by Ritmbarah Arora
Mumbai headquartered Dewan Housing Finance Corporation (DHFL) has been in the news lately because of various allegations. The second housing finance company to have been established in India, DHFL is now seeing an embarrassing concluding act, filled with early denials from management that the company was in trouble.
DHFL was set up to enable access to affordable housing finance to lower and middle-income groups in semi-urban and rural parts of India. The latest news of the firm heading towards bankruptcy is expected to worsen its already precarious liquidity crisis situation. Nearly nine-tenths of the company is secured against assets in borrowing.
The Reserve Bank of India (RBI) has taken control of the DHFL board citing “governance concerns and defaults” and also said that it will be proceeding towards the insolvency process. "The Reserve Bank also intends to shortly initiate the process of resolution of the company under the Insolvency and Bankruptcy (Insolvency and Liquidation Proceedings of Financial Service Providers and Application to Adjudicating Authority) Rules, 2019 and would also apply to the NCLT for appointing the Administrator as the Insolvency Resolution Professional," this is the statement released by the Central Bank in this regard.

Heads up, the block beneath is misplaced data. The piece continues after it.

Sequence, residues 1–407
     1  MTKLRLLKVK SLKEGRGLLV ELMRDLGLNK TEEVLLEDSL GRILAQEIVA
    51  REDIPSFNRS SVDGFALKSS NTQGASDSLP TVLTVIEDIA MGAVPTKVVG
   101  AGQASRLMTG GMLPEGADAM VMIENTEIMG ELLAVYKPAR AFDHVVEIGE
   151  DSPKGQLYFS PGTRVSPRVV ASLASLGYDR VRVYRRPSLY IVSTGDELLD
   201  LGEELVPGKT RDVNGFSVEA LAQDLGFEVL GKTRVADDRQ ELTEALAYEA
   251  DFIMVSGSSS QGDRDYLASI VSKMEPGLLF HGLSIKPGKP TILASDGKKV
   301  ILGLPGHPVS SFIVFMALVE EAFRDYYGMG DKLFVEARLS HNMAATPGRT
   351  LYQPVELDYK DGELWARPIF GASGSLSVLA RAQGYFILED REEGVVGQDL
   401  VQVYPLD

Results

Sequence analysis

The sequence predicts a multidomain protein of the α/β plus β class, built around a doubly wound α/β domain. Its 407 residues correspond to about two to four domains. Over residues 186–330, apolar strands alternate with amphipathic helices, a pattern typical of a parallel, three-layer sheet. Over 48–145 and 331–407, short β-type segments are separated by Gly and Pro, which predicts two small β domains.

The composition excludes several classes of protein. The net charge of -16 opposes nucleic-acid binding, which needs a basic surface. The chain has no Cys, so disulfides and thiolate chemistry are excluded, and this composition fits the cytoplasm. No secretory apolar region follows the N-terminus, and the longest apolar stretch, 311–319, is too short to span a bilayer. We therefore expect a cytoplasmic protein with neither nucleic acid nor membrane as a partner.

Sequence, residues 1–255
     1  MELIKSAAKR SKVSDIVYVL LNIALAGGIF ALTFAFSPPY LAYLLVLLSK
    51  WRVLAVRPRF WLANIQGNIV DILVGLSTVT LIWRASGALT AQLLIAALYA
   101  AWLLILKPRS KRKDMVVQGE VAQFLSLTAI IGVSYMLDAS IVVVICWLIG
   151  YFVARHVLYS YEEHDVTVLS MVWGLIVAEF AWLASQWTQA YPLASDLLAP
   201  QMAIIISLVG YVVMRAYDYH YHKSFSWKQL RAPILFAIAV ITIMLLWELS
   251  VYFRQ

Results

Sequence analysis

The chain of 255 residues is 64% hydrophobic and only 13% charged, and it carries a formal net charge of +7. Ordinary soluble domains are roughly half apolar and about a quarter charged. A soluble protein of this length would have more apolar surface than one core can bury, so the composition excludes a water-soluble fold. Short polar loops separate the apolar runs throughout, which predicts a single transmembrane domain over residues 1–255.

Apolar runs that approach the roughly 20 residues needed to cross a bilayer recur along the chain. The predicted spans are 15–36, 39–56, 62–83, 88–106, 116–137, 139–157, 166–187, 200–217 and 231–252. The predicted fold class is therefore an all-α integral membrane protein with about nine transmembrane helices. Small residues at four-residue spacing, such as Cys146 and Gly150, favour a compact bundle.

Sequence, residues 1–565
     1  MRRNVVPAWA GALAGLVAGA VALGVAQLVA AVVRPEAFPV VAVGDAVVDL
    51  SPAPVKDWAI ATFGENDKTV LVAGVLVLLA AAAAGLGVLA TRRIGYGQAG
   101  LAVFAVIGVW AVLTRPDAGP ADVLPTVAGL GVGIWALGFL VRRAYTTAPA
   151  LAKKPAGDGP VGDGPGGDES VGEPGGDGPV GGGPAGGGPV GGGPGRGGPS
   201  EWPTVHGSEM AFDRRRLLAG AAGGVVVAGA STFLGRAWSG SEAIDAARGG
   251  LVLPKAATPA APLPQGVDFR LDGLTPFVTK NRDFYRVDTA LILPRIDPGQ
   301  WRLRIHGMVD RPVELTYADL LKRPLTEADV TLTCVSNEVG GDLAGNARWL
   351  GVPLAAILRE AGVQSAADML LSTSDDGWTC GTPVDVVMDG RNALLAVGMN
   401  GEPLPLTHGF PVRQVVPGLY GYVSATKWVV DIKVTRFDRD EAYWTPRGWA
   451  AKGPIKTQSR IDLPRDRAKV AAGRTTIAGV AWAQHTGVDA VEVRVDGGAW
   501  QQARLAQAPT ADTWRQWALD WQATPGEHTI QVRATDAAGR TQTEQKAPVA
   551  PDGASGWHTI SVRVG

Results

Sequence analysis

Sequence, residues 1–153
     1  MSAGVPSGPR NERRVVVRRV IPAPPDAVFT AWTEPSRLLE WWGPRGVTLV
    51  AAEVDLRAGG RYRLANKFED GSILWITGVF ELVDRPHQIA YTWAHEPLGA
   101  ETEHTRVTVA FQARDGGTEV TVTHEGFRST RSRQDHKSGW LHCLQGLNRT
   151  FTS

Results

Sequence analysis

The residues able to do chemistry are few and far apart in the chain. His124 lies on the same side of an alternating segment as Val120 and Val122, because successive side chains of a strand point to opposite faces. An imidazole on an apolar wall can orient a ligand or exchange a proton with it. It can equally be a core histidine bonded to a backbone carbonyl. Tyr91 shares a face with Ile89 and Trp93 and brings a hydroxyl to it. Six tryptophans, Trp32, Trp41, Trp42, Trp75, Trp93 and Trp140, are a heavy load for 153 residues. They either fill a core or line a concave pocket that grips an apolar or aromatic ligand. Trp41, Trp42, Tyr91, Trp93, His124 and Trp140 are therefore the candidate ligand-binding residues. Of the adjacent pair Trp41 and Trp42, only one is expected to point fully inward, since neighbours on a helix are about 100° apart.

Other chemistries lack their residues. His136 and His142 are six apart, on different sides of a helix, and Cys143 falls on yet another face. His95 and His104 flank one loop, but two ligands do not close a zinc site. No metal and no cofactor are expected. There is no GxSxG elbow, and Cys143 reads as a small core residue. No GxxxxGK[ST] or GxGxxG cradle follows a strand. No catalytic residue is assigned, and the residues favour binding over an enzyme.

The decision was taken by RBI after DHFL failed to agree on a resolution plan to get the firm back on the rails. RBI has appointed R Subramaniakumar, former MD and CEO of Indian Overseas Bank as the administrator and intends to ask the National Company Law Tribunal (NCLT) to appoint him as the resolution professional in charge of the insolvency process. The committee of creditors (CoC) will oversee a 180 day process to draw up a resolution plan.
As per a report released by Reuters, DHFL is among India’s top defaulters with almost 1 lakh crore debt to be paid to banks and mutual funds. The company has become the first nonbank lender to be sent to the NCLT under the Insolvency and Bankruptcy Code (IBC). The DHFL stocks that once touched a record high of Rs 252.2 on December 31, 2018 has now fallen by 97% to Rs 19.7. The company’s shares fell drastically by 16% after DHFL defaulted on debt repayment on June 6, 2019 which was a five and a half year low.